According to the Renaissance view, Faustus rebels against the limitations of medieval knowledge and the restriction put upon humankind decreeing that he must accept his place in the universe without challenging it.
Because of his universal desire for enlightenment, Faustus makes a contract for knowledge and power.
Lucifer and Belzebub distract Faustus with a parade of the seven deadly sins in order not to repent, the sins come out as humans but they are acted out by Faustus throughout the play. Also perhaps to resemble Faustus parents being “normal” and Faustus helped himself reach his title.
Pride being introduced first in the parade is significant because it perhaps is the start of all sins, similarly for Lucifer for being a castaway from heaven because of his vanity, and also it is the main vice Faustus commits throughout the play, failing to repent believing that his sin is too big to be forgiven by god.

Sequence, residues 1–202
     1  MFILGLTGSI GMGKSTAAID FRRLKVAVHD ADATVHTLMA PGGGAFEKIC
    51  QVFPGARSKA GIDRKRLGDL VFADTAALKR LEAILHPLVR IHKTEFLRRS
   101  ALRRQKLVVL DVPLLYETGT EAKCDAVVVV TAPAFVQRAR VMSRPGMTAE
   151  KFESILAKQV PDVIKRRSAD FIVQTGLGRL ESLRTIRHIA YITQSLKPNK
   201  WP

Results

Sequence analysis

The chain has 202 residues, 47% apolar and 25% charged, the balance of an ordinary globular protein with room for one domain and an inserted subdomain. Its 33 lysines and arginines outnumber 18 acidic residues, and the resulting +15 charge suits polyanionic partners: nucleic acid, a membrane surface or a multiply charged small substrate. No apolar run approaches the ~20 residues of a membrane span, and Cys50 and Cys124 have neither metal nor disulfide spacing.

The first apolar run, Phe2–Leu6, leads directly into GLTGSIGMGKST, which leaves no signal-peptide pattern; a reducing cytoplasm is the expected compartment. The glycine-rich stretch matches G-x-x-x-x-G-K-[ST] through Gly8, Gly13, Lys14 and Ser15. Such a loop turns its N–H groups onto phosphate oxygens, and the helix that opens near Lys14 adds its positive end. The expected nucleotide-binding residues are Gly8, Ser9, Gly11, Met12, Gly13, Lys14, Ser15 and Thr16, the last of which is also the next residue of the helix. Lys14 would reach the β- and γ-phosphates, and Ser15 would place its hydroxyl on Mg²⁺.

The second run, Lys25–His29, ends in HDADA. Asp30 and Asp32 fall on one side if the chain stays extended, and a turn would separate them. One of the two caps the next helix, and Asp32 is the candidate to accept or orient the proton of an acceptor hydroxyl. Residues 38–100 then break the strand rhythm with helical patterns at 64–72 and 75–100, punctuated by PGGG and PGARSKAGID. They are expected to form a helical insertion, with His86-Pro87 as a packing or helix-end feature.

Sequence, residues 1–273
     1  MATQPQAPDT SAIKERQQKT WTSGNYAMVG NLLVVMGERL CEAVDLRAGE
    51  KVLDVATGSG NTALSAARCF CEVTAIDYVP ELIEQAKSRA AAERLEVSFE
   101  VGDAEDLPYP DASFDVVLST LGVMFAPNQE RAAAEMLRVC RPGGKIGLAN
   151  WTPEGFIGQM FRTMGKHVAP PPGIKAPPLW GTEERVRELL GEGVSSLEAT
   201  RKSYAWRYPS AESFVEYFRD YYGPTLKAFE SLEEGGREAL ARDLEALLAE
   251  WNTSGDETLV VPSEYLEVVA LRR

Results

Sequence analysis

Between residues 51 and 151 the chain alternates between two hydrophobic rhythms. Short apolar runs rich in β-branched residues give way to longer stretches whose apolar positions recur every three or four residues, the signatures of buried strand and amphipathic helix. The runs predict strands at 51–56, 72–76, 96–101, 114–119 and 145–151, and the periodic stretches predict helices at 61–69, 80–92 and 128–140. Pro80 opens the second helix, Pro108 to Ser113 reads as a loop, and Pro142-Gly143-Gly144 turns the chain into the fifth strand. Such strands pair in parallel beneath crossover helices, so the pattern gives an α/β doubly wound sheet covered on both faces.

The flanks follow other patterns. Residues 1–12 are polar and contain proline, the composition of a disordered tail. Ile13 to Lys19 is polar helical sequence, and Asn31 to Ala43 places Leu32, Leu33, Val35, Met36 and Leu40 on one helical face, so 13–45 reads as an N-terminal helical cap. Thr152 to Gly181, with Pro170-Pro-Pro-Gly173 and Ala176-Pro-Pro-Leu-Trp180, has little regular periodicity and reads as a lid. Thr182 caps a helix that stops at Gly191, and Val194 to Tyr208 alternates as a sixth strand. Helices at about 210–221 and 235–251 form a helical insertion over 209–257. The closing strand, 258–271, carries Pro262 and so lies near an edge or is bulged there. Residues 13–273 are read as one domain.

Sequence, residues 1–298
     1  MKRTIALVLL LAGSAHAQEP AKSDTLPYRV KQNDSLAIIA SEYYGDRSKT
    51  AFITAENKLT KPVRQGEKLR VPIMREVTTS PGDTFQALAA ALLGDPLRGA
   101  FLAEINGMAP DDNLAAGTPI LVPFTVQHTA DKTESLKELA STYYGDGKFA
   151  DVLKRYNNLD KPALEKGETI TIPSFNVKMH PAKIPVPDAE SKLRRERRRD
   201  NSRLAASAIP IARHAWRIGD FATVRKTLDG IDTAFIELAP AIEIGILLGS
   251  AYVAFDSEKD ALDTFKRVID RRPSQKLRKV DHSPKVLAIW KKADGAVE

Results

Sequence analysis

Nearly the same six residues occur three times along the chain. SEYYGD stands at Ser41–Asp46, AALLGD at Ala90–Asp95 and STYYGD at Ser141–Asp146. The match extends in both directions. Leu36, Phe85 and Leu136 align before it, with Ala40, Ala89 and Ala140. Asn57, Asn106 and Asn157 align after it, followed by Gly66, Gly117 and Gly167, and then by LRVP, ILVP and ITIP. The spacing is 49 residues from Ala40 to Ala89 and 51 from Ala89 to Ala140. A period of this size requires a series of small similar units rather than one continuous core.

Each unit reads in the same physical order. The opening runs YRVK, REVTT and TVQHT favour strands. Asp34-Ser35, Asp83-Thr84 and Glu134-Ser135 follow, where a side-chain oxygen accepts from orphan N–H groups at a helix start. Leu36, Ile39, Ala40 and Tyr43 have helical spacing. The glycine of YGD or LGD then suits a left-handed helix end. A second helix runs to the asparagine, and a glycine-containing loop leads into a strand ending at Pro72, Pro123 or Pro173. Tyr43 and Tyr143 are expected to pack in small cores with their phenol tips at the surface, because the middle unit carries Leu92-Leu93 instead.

Faustus On the other hand also ignoring warnings from the good angel, wants to exceed the limitation of normal human knowledge and powers, which he does by obtaining dark powers from Lucifer in exchange for his soul.
Arguably Icarus does the same by flying too high, making him long for “unattainable” abilities.
Certain aspects of the drama can be used to support an interpretation of Faustus as a Renaissance hero and other aspects suggest he is a medieval hero.
According to the medieval view of the universe, Man was placed in his position by God and should remain content with his station in life.
Any attempt or ambition to go beyond his assigned place was considered a great sin of pride.
For the medieval person, pride was one of the greatest sins that one could commit.